Tesla is headed to trial over deadly 2018 Autopilot crash

Tesla is headed to trial over deadly 2018 Autopilot crash

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Photo collage featuring a picture of Walter Huang and Sevonne Huang in front of a Tesla sign
Walter Huang (L) and his wife Sevonne Huang.

  • Tesla will go to trial over a wrongful death lawsuit brought by the family of Apple engineer Walter Huang. 
  • The family alleges that flaws in Tesla’s Autopilot system caused the 2018 crash that killed Huang.
  • Tesla could face financial repercussions if a jury finds it was at fault for the collision. 

Apple engineer Walter Huang was killed in a fiery wreck more than six years ago when his Tesla Model X SUV smashed into a concrete barrier on a California highway as the vehicle was in Autopilot mode.

Huang’s family filed a wrongful death lawsuit against Tesla in the aftermath of the crash — and now they’re headed to a civil trial that could cast a negative spotlight on Elon Musk’s electric car company if a jury finds it liable for the collision.

The trial is set to kick off Monday in California’s Santa Clara County Superior Court.

Bryant Walker Smith, a University of South Carolina law professor and expert in automotive technologies, told Business Insider that the case likely won’t have any real consequences for Tesla, but if it loses it would almost certainly “bolster regulatory scrutiny” around its Autopilot driver-assist software.

“This is one case and Tesla will be able to absorb whatever final damages it ends up with, if any,” in the event that the company lost, said Smith.

A significant jury award could, however, be attention-grabbing.

“It would grab the attention of other lawyers and even other people who’ve said, ‘Hey, my vehicle did something it shouldn’t have,’ or ‘this was wrong’ or ‘I was injured,’ and so it could in that way reshape or reinforce the public conversation,” said Smith.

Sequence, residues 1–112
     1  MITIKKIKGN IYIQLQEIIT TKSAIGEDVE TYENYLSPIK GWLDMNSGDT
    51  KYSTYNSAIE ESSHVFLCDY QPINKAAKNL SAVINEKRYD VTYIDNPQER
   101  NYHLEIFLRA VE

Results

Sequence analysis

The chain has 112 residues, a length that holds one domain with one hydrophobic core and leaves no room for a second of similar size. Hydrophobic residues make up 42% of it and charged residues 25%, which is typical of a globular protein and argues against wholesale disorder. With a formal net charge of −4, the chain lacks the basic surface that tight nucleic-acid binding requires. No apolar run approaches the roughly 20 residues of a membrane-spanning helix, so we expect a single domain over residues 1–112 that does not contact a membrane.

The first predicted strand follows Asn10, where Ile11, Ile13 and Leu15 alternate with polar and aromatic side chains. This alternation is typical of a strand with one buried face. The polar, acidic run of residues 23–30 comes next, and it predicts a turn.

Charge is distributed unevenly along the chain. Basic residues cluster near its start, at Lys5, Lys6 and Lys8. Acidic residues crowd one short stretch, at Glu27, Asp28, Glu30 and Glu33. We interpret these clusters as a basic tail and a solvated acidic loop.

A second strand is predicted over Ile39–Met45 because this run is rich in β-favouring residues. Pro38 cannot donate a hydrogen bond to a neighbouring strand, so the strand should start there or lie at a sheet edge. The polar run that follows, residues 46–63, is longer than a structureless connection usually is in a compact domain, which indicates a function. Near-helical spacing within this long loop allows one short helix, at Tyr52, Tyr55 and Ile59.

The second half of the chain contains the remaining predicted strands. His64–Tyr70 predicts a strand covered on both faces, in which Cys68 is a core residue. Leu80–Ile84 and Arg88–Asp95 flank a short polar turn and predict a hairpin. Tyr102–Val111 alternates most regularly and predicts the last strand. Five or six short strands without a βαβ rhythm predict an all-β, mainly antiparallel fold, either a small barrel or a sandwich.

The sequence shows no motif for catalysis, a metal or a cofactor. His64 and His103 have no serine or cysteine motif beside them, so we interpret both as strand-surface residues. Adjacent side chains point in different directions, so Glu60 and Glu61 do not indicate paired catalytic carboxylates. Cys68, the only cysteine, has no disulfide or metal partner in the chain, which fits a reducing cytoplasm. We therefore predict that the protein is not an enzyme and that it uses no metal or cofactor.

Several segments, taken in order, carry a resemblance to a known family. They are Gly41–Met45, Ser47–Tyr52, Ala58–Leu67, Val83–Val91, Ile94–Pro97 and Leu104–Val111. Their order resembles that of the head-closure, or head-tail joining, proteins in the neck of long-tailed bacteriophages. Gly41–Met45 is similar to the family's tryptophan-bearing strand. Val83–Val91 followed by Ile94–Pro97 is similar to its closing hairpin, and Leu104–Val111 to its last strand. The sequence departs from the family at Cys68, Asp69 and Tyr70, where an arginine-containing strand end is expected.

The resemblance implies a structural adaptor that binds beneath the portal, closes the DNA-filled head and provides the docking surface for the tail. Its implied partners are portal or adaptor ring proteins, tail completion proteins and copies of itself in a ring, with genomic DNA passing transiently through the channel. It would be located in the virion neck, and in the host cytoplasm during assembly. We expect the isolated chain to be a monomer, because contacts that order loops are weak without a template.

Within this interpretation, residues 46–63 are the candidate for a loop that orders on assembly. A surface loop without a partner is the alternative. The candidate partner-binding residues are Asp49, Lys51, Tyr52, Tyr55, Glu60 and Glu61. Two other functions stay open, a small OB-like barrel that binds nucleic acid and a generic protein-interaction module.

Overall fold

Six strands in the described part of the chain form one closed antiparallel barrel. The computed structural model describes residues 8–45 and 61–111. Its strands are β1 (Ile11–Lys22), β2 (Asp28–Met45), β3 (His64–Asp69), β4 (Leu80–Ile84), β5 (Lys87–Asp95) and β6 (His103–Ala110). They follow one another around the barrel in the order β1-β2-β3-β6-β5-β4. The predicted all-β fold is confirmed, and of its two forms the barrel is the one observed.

The lawsuit against Tesla alleges that its Autopilot system caused deadly 2018 crash

Huang’s family alleged in the 2019 lawsuit, which also names the state of California as a defendant, that the Tesla Model X was “defective in its design” and that flaws with Tesla’s Autopilot driver-assist software caused the deadly March 23, 2018, morning crash.

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The family said in the lawsuit that Huang was traveling along US Highway 101 in Mountain View and, as his car approached a left exit ramp, “the autopilot feature of the Tesla turned the vehicle left, out of the designated travel lane, and drove it straight into a concrete highway median” at a speed of about 70-miles-per-hour.

The married 38-year-old father of two died because Tesla was “beta testing its Autopilot software on live drivers,” B. Mark Fong, an attorney representing Huang’s family, said in a statement at the time the lawsuit was filed.

tesla model x crash
Walter Huang’s Tesla Model X crashed on March 23, 2018, in Mountain View, California.

NTSB found Tesla’s Autopilot system and Huang both likely played a role in the crash

An investigation by the National Transportation Safety Board determined that Tesla’s Autopilot system and Huang’s inattention behind the wheel were likely responsible for the crash.

The NTSB said in a report that the probable cause of the crash was the Autopilot system “steering the sport utility vehicle into a highway gore area due to system limitations, and the driver’s lack of response due to distraction likely from a cell phone game application and overreliance on the Autopilot partial driving automation system.”

The federal safety agency described Huang in its report as an avid gamer and game developer who regularly played games on his phone.

A review of data from Huang’s iPhone showed that a game app was active on his cellphone during the drive, but it could not be determined whether he was holding his phone in the seconds before the crash, according to the NTSB’s report.

Huang’s hands were not detected on the steering wheel in the moments before the wreck and he “made no evasive steering or braking input before the crash,” the NTSB said.